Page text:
Definition of Curing
The first step to producing leather is to stop the animal skin from rotting. This process is often done as soon as possible, since decomposition usually starts within five hours after slaughtering, depending on the environment and bacterial growth.
The measures taken to prevent this decomposition are collectively referred to as curing.
There are different ways to cure rawhide. I’ll outline the most reliable methods below:
Involves heavily covering the rawhide with salt, then leaving it to dry. As the hide dries, the salt draws out moisture left inside the hide, making it resistant to bacterial growth while stiffening it.
The rawhide is soaked in a very strong salt solution (around 15 kg of salt to 45.5 kg of cold water). It also works like the dry salt method, where the salt draws out moisture from the hide. After 12–14 hours, the hides are removed from the concentration, then drained and piled.
Note: Many prefer wet salting to dry salting because it responds better during tanning.
It’s the oldest curing method. The hides are stretched and laid on the ground or hung on the poles, then left in the sun to dry. Decomposition will stop once the leather is fully dried.
However, this method is not practical in warm and humid areas. Overexposure to the sun can also cause heat damage, reducing the leather’s quality.
Freezing or cooling is the most straightforward curing method. Fresh animal skins are packed in plastics and stored in cooling rooms, where decomposition stops immediately.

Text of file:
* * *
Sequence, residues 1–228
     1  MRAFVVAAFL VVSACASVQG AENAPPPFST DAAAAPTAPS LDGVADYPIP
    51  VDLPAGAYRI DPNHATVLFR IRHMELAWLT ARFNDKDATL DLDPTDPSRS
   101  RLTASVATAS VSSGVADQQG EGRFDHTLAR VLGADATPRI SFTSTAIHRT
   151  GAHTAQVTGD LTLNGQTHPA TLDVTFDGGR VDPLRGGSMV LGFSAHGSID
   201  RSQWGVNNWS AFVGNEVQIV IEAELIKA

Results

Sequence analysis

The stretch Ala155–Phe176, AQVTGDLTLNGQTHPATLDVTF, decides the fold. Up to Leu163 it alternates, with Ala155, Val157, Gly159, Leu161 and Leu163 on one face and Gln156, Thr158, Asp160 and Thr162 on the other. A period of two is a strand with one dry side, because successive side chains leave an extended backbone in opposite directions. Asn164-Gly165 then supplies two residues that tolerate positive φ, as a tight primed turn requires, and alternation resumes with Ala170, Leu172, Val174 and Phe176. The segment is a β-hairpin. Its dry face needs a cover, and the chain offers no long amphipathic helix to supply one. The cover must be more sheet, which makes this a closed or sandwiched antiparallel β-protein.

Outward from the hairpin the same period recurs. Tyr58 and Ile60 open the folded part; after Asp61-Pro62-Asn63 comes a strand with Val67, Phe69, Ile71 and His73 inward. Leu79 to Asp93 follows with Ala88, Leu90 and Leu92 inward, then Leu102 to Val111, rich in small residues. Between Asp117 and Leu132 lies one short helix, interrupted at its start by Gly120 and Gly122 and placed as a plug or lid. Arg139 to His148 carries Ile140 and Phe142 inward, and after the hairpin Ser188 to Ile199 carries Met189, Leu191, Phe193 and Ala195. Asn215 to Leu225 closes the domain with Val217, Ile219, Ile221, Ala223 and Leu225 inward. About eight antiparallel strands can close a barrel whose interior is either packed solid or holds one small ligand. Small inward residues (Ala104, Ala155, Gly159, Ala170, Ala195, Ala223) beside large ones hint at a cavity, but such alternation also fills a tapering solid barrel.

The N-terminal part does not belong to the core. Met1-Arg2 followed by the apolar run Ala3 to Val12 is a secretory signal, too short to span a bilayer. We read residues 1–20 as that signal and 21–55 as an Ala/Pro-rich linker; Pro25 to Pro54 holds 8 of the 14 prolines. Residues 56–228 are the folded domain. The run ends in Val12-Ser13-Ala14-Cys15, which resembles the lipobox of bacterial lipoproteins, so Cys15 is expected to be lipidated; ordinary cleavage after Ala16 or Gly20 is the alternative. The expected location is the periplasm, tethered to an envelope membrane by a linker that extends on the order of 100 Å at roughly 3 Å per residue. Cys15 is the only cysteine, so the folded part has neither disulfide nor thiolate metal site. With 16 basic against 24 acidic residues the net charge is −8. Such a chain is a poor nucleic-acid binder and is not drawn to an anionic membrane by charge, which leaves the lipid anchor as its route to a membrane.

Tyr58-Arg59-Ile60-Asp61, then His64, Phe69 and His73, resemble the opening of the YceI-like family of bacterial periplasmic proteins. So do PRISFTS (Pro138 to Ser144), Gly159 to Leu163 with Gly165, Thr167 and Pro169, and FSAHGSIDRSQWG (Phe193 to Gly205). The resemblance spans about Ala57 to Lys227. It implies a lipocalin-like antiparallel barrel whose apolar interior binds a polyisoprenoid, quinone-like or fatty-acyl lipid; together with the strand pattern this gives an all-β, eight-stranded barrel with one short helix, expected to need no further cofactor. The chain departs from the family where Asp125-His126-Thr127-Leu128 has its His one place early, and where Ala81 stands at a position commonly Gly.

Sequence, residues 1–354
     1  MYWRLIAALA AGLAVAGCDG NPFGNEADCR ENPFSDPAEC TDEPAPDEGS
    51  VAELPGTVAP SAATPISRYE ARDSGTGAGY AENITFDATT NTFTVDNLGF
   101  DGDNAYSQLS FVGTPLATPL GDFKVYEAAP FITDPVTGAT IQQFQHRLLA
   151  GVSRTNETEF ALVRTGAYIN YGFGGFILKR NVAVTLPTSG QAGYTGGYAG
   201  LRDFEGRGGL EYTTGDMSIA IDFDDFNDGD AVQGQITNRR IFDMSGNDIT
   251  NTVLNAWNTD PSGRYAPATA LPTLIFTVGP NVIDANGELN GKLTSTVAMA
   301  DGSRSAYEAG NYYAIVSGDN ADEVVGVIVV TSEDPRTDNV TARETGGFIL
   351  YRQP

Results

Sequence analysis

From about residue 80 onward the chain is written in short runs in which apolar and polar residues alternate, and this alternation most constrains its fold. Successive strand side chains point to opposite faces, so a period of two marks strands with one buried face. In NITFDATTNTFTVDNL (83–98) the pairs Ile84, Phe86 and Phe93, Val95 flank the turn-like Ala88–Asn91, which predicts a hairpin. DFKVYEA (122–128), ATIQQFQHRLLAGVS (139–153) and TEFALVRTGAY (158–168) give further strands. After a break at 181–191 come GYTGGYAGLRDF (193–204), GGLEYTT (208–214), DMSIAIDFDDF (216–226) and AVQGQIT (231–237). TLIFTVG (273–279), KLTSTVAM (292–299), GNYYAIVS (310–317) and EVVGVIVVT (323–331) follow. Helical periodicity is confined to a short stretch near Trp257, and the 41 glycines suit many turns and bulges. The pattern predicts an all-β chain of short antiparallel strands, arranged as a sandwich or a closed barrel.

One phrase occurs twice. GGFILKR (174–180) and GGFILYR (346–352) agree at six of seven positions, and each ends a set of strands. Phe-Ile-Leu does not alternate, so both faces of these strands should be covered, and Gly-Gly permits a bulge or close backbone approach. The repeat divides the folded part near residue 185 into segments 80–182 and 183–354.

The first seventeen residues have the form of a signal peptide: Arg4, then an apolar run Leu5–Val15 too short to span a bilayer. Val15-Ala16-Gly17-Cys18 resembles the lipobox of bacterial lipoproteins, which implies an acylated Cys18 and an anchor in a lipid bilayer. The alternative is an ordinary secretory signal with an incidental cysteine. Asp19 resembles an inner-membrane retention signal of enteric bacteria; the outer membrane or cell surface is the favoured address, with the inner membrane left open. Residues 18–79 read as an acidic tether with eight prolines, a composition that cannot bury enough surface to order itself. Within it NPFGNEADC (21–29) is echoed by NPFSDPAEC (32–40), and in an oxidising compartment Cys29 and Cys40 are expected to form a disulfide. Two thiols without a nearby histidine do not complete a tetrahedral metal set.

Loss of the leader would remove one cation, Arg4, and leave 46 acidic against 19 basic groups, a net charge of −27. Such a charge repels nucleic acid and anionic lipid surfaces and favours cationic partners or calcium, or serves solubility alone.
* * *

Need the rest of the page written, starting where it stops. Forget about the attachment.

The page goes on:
Despite its high energy costs, freezing gives the hide an unlimited shelf life, and if needed, the skins can be processed instantly as if they were coming from a slaughterhouse.
Unlike sun drying, controlled drying produces more consistent and high-quality leather. The hides are placed in a more controlled environment, normally in a controlled drying chamber.
The only downside to this curing method is the high energy costs. The chamber will need a lot of energy to control the heating, cooling, humidity, and airflow.
Once the hides are cured, they’re ready for storage or transportation to the tannery. But this will also depend on the method of curing used.
Sun dried hides, for example, must be stored or transported in a dry place (preferably in low humidity), while frozen hides must be stored or transported in their frozen states.
Example of Curing in a Sentence
"A constant in one of the leather curing processes (salting) is the application of curing salts."
Synonyms: conservation treatment
Related Terms for Curing